Peamouth - Mylocheilus caurinus
The peamouth is a native minnow that is found in lakes and the slow waters of rivers west of the Continental Divide in Montana. Its common name probably refers to its small mouth. Specimens can get quite large, up to 14 inches. Unfortunately, at this size they are not likely to be preyed upon and so do not contribute to the food base of predatory sport fishes. Peamouth are unusual in that they can tolerate diluted sea water. This feature has allowed them to colonize some inshore islands off the coast of western North America. Peamouth are schooling fish that feed on aquatic insects and bottom organisms. They can be caught readily on small bait.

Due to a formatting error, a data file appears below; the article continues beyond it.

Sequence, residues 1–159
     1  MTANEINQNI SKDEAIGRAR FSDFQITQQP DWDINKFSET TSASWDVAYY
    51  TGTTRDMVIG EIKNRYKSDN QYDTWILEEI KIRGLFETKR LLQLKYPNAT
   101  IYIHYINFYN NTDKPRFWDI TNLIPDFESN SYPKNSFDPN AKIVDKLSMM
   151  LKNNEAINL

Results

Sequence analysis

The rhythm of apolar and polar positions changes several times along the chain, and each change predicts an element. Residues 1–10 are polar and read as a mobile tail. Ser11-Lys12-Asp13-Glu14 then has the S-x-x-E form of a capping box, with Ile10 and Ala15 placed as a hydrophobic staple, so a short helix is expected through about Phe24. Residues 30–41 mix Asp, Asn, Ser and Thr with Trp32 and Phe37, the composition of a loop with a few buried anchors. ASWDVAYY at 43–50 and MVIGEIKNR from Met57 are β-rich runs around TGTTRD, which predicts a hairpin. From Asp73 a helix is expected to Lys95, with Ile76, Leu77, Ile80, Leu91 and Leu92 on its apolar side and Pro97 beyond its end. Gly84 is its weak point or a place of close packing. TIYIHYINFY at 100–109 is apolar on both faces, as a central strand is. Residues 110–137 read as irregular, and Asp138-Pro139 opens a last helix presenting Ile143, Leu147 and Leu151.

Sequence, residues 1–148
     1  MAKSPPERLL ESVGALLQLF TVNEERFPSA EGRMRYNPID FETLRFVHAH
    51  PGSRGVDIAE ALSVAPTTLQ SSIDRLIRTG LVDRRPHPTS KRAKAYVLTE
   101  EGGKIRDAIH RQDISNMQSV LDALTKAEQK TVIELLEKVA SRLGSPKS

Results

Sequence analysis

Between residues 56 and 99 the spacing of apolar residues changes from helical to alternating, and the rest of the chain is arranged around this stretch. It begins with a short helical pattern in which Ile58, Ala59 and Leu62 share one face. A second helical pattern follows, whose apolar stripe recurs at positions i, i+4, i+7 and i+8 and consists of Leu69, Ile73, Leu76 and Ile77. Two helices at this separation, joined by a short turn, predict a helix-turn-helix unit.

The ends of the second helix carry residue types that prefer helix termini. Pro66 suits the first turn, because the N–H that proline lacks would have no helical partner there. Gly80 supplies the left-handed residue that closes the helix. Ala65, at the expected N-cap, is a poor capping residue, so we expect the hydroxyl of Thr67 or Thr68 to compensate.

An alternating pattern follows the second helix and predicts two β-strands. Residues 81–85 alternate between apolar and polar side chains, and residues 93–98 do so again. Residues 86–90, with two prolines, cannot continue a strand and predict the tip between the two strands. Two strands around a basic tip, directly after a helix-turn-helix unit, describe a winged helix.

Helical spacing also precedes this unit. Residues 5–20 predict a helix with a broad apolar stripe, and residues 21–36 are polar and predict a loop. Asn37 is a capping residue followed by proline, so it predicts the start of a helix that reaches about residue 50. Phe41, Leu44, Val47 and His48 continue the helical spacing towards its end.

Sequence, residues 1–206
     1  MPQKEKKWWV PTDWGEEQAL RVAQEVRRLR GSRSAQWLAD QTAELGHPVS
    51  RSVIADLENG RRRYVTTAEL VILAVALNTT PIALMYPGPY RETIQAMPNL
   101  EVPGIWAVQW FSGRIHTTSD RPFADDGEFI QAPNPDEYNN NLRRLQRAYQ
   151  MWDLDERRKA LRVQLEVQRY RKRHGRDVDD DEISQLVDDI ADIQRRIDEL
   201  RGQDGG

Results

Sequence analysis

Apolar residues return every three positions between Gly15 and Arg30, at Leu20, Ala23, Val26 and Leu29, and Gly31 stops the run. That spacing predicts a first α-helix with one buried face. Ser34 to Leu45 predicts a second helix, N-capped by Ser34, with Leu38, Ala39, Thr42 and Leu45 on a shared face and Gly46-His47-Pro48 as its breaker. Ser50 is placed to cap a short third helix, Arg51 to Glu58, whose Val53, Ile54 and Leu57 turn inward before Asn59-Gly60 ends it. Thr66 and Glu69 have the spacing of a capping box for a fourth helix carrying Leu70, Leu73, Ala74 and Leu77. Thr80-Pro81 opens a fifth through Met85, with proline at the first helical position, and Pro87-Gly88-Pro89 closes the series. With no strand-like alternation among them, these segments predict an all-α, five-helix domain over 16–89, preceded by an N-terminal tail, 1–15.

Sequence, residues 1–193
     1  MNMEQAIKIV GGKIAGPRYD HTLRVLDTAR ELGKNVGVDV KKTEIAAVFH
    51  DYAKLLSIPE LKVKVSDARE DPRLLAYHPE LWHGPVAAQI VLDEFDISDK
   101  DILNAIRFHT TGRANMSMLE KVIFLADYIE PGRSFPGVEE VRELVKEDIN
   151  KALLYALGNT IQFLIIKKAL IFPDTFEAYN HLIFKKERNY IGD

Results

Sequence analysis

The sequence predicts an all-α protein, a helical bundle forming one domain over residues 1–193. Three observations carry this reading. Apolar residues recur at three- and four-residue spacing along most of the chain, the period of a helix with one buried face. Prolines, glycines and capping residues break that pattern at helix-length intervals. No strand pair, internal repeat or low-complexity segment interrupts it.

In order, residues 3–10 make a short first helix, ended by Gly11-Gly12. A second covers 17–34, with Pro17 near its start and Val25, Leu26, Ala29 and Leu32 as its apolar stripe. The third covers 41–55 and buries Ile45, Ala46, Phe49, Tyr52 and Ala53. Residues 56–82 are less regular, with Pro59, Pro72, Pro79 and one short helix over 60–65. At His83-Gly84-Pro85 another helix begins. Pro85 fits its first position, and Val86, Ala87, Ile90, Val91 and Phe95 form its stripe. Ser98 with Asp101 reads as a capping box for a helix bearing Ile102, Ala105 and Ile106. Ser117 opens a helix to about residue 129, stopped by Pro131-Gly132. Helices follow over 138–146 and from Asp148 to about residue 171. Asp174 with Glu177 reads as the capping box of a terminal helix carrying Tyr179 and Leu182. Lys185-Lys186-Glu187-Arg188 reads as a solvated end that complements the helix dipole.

Dark on back and silvery below; two dusky stripes along side; reddish at corners of mouth. Breeding fish have red midside stripe. Small barbel at each corner of mouth.
Western Hemisphere Range
Observations in Montana Natural Heritage Program Database
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Shallow weedy zones of lakes or rivers.
Young feed mainly on micro-crustaceans. Adults eat micro-crustaceans, snails, adult aquatic and terrestrial insects. Occasionally small fish.
Peamouth x Northern Pikeminnow and Peamouth x Redside Shiner hybrids have both been found in Montana. Increased from rare to abundant upstream from Libby dam with damming of the Kootenai River.
Sexually mature in 3 yrs. (mostly males) or 4 yrs. Spawns May - June at water temps. of 54-64 degrees F. Eggs stick to rocks or other substrates.
- Additional ReferencesLegend: View Online Publication
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- Hill, C.W. 1958. Observations on the life histories of the Columbia River chub and Columbia squawfish in western Montana. M.Sc. Thesis. Bozeman, MT: Montana State University. 29 p.
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